It has been 6 months since my last post and this shows how "busy" I was.

First of all, in July I was accepted into the Telejob group of AVETH and have been working in the IT team to support the job platform and Telejob website. Even though I am working as a researcher in Physics and aiming to continue in the academia, there is no harm to learn about the working environment of somebody outside of academia. The Telejob is like a small private business where everybody is coming from different background hoping to learn from each other on how to manage a business. This is certainly very beneficial for PhD students who are working most of the time in a small group and highly specific topics, to extend their social network and horizon. I have also learnt a lot from the IT team about PHP framework Symfony, JavaScript and also managing database using mysql. I am enjoying the work!

After spending a weekends with my high school friends in Venice, I was spending most of the time attending seminar, conference and workshops, from ETH to Linz in Austria and PSI. It was for the first time that I have presented something about my main project "Phase space compression of positive muon beam". I was quite nervous at the beginning, but managed to explain smoothly after several practices and discussions with other physicists.

After resting for several months, the season of Badminton is finally coming back again. The Swiss Badminton League is usually being played from September to the March of next year. Since last year my team was at the bottom of the table in League 3, this year we are demoted to League 4 and our target is to top the table and go back to League 3 again. Since I have stopped playing every week for quite some time, my first league game was quite rusty but somehow managed to score 2 wins in men singles and men doubles. And currently I am ranked high C3 after beating two C2 guys in December 2013 and January in 2014. B3 is my target this year and hopefully I am able to reach it.

In September when the semester starts, I have signed up for a course named Space geodesy. It was all about mapping the physical quantities of the Earth, such as gravity field, drift of the continents, etc. At the beginning I thought it was only about the GPS, but as the course going on, there were much more interesting stuffs being taught: different types of tides, different ways of measuring distance, orbits of the satellites, etc. It was really an eye opening class for me and I believe it will be of future use for me in my career.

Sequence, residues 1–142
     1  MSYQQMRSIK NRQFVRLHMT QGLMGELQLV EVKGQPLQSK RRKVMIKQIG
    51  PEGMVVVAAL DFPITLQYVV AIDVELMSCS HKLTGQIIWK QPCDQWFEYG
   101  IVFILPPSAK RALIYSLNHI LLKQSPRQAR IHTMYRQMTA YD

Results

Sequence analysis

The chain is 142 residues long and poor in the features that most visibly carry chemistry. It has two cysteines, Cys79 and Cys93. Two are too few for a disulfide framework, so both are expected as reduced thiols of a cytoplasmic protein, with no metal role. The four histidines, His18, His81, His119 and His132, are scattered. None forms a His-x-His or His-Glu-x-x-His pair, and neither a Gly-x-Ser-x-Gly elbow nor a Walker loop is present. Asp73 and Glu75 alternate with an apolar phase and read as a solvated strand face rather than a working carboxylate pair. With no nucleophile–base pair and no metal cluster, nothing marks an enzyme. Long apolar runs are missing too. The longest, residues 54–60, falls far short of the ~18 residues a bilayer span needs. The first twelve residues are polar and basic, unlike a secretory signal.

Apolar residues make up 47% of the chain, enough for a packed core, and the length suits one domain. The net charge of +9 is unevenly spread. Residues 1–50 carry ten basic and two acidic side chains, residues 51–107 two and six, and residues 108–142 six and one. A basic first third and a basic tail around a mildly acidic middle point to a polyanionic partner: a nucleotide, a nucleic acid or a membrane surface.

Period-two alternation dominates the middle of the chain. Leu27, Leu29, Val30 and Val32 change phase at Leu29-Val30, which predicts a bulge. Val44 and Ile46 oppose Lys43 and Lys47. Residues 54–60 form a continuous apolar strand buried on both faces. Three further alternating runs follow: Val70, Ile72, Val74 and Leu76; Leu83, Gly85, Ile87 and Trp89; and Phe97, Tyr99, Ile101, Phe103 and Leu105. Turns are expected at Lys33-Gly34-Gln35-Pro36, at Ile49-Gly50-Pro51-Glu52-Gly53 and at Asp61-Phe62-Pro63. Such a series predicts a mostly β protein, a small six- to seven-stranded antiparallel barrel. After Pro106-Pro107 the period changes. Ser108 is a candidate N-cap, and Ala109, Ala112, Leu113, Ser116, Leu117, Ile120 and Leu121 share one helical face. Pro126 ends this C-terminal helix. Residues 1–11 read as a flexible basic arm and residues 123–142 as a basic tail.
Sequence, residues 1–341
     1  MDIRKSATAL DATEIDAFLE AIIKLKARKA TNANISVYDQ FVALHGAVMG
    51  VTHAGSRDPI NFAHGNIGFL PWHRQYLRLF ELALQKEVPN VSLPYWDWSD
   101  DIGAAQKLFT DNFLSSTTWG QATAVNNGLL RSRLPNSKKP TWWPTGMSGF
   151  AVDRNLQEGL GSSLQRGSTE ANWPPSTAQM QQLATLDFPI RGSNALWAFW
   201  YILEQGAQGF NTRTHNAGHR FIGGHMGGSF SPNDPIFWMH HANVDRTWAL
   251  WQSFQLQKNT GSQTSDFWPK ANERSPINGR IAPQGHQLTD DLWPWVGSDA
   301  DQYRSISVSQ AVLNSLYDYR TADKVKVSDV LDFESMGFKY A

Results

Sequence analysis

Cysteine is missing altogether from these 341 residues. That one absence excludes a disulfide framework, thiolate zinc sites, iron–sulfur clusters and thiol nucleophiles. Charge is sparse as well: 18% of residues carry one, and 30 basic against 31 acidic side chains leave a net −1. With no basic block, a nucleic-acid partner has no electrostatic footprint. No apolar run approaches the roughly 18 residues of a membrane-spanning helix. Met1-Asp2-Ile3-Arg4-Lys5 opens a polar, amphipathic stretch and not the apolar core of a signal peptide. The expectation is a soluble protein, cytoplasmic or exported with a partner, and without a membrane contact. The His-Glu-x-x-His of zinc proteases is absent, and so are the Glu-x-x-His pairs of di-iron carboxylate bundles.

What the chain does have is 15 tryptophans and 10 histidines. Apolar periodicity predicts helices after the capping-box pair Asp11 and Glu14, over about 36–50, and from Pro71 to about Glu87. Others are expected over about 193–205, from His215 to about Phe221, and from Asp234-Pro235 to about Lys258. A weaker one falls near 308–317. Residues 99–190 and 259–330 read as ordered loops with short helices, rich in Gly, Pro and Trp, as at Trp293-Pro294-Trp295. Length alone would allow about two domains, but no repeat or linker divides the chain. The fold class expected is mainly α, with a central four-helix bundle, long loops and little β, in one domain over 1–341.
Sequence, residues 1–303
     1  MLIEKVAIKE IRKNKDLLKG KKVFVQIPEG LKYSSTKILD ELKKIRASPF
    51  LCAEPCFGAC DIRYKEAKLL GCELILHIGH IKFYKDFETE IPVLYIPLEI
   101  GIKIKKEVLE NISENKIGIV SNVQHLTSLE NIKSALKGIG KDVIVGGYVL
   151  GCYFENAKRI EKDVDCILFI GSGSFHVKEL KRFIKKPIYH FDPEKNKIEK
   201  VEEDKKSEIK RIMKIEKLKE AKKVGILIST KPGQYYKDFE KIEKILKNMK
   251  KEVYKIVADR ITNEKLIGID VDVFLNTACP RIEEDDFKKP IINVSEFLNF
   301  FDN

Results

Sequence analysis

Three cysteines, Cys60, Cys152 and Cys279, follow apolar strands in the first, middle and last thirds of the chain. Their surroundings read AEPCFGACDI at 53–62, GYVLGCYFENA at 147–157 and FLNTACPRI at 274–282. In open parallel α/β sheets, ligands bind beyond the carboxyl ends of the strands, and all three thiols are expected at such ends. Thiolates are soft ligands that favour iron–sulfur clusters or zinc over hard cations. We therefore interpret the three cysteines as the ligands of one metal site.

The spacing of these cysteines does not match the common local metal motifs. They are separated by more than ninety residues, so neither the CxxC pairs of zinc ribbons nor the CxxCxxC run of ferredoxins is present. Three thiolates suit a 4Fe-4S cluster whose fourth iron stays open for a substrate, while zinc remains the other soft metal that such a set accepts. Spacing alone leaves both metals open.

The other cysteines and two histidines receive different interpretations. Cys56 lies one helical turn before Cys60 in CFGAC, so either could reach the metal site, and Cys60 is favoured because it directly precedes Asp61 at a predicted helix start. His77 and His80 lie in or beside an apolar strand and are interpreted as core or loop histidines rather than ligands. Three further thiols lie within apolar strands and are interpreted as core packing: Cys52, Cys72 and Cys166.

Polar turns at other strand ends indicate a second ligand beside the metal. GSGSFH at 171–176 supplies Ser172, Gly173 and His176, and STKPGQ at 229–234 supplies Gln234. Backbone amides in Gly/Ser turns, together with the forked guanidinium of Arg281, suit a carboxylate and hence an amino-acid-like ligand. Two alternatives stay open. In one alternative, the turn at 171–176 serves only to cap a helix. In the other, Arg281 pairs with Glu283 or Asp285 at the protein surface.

We were happy to have friends visiting again in October, where we visited Rapperswil (3rd time!) by ship and Titlis for the first time. The lake view from ship was nice as usually, and the Titlis mountain was great as everywhere was covered with snow. We had Raclette party one night, and another dinner at the famous Zeughauskeller to show them some typical swiss foods.

In November I have attended an interesting workshop "2nd International Workshop on Antimatter and Gravity". It was held at the University of Bern which is just next to the train station, and I get to know many physicists who I have seen only their names before. The faces didn't match the names most of the time though.  I wasn't giving the talk but I have prepared the talk together with my boss so it was great to receive some feedback regarding it in preparing for my thesis defense. Since I am quite new to this field, it was quite a good chance for me to have a glance of whole field.

December was quite an eventful month for me as I have attended KIZUNA meeting for past Japan scholars to share experience and to exchange information, Annual meeting and dinner for Institute for Particle Physics, visited Google Zurich for the first time hosted by a Malaysian friend working there, Christmas dinner organized by AVETH and Telejob (plus year end bonus!), Telejob retreat to Mulhouse, France, and of course year end trip to Italy (Rome, Florence and Pisa) with my dearest one.

Oh, and not forget to mentioned about the new year eve party held at my flat with my student gang in Zurich plus their friends. The foods were great, the games were fun and the people were nice!

A few days after the new year came my first Ski in Switzerland in Sattel, and I managed to recall what I have learnt last time at Nagano in Japan during the ICEPP symposium 2010. Hopefully there will be more snows this year and I can ski until May to minimize the cost/use. :)